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Niagara volunteer firefighter still faces workers’ comp fraud case, while charges against wife are dropped

LOCKPORT – An indictment charging a member of the Wendelville Volunteer Fire Company with workers’ compensation fraud was allowed to stand last week, but there is one more legal hurdle before the Niagara County District Attorney’s Office can bring James J. Moreland to trial.

At the same time, Niagara County Judge Matthew J. Murphy III dismissed all charges against Moreland’s wife, Shirley Moreland, “in the interest of justice.”

James Moreland, 66, of Dunnigan Road, pleaded not guilty after he was indicted in August on two counts of first-degree perjury, nine counts of first-degree offering a false instrument for filing and eight counts of fraudulent workers’ comp practices. His wife, 65, faced false-instrument and fraudulent-practice charges.

They were accused of lying on a workers’ comp form by trying to cover up Moreland’s active membership in the fire company from April 2009 through June 2011. During those two years, James Moreland was collecting compensation for a neck injury he suffered in 2008 while driving a truck for Reed Blacktopping, of Pendleton.

He pocketed $45,000 in comp benefits while taking part in 177 fire or ambulance calls during that period, Assistant District Attorney Heather A. Sloma said during previous court appearances. The state Workers’ Compensation Board cut off Moreland’s benefits in September 2012 because of his volunteer activities for Wendelville, a ruling upheld by the Appellate Division of State Supreme Court in March 2014. He was barred from receiving future comp benefits, but he wasn’t ordered to repay anything.

If Moreland is convicted on criminal charges, however, such restitution probably would be ordered, leading Robert Viola, his attorney, to accuse the state of trying to use the criminal courts as “a collection agency.”

Murphy wrote in his decision, “The court believes it unlikely that even a conviction on all counts would warrant a prison or jail sentence for either defendant. Even probation would perhaps be unnecessary.”

The criminal case started with a complaint filed against the Morelands in Lockport City Court, but not until a year after the Appellate Division ruling. Murphy said he wants to hear details of the timing of the investigation to make sure that rules on speedy trial weren’t violated.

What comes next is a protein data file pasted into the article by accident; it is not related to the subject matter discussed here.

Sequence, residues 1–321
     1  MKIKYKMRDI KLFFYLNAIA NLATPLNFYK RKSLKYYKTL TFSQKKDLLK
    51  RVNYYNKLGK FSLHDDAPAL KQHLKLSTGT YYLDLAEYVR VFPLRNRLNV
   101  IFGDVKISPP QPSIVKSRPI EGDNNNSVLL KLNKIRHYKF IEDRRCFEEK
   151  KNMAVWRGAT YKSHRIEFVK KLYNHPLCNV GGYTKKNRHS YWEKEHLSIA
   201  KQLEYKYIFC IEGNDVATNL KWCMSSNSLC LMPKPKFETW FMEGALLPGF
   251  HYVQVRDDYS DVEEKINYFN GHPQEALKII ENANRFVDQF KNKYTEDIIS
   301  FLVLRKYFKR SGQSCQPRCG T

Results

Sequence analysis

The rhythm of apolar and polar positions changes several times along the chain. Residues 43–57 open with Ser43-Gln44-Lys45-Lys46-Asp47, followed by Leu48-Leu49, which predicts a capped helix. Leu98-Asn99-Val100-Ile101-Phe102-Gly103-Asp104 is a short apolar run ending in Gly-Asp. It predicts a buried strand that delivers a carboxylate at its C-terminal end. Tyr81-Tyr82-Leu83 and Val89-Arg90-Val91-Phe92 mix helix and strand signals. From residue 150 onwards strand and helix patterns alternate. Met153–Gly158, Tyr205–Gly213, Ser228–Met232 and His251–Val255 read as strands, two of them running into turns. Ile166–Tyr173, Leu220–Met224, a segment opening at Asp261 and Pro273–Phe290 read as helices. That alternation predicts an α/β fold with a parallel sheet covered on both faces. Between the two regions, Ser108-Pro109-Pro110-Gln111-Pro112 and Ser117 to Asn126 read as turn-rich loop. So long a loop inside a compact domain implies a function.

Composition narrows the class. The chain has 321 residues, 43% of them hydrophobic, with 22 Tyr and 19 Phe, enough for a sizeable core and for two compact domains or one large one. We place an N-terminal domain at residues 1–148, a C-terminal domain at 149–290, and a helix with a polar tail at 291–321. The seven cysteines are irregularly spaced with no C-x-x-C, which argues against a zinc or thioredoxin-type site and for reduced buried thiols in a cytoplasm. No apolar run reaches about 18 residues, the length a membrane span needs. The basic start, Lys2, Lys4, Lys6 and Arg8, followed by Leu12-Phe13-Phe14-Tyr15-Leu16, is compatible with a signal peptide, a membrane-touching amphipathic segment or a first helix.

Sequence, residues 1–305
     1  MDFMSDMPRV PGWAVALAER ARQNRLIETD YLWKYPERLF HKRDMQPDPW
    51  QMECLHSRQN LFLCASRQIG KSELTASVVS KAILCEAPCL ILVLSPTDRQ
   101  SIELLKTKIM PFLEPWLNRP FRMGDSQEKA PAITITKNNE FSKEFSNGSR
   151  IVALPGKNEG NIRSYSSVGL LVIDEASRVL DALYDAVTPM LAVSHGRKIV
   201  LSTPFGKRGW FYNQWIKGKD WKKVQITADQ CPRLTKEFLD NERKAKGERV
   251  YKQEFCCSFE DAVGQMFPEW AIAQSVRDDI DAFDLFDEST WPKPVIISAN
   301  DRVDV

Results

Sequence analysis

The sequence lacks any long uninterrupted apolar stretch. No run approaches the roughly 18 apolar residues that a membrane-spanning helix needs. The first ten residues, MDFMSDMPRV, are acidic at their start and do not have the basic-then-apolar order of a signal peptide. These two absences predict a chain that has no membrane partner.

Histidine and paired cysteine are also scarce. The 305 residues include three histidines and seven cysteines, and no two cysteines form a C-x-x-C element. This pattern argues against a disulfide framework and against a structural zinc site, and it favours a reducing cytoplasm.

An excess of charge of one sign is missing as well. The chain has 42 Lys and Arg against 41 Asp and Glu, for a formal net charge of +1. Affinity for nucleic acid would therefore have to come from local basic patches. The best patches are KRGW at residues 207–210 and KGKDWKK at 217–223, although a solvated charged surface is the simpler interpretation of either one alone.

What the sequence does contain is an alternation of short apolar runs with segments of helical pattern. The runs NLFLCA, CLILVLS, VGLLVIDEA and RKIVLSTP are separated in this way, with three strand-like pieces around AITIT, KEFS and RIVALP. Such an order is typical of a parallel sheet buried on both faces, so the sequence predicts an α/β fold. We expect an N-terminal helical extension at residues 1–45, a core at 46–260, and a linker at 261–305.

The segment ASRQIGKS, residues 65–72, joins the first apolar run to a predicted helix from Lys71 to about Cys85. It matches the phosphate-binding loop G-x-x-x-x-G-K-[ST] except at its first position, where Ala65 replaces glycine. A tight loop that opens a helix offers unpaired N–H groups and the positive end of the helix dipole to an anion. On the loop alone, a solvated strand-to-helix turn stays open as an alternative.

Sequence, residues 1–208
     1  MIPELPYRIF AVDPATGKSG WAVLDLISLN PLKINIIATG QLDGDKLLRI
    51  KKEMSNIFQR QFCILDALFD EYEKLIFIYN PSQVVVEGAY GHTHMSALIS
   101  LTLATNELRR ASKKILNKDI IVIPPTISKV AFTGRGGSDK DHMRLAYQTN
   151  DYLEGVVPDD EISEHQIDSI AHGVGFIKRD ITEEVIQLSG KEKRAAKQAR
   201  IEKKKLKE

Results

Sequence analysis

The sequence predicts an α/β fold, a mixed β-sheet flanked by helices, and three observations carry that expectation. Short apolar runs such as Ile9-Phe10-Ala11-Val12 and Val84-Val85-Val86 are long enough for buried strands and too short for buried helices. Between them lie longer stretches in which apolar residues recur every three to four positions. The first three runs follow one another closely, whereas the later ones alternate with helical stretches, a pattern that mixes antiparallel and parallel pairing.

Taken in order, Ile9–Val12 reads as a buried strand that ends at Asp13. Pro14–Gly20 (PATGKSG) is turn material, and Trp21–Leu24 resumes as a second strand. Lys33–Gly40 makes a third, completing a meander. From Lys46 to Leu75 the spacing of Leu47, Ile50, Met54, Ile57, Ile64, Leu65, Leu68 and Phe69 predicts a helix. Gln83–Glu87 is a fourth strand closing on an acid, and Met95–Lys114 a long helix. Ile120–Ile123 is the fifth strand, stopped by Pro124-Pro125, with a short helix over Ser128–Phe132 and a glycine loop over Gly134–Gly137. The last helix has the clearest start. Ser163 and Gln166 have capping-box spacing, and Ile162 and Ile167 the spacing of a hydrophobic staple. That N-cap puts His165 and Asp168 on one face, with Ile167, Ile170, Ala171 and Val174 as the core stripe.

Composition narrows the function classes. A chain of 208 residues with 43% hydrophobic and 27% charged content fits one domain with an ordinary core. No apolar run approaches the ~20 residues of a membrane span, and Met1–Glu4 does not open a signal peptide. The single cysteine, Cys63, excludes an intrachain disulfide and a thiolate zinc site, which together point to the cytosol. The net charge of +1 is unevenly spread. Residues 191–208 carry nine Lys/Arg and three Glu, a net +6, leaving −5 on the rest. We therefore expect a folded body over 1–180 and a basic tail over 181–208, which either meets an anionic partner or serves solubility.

Such hearings “are relatively rare, so the fact they ordered one is significant,” said George V.C. Muscato, Shirley Moreland’s attorney.

No date is set for that hearing; another is to be scheduled on the admissibility of James Moreland’s statements to State Police on March 24.

Much of the criminal case, Murphy wrote, boils down to a question on the state’s WA-1 form that asks, “Since the time of the accident for which you are receiving workers’ compensation benefits, have you engaged in any work activity for any employer or in your own business for pay or on an unpaid basis?”

The Morelands answered no, believing that the question didn’t apply to volunteer firefighting, and that answer led to the false-instrument charges. The perjury counts against James Moreland pertain to testimony before the Workers’ Compensation Board’s administrative law judge on two occasions in 2010, when he allegedly denied doing any volunteer work since his injury.

Murphy called a conviction for a knowing intent to defraud “unlikely.” However, because of the perjury charges and his finding that there is “more than sufficient evidence” for those two counts, he let the indictment against James Moreland stand. But he threw out the charges against Shirley Moreland because of “this overreaching attempt on the part of the authorities to entangle Mrs. Moreland in offenses that are more clearly the responsibility of her husband.”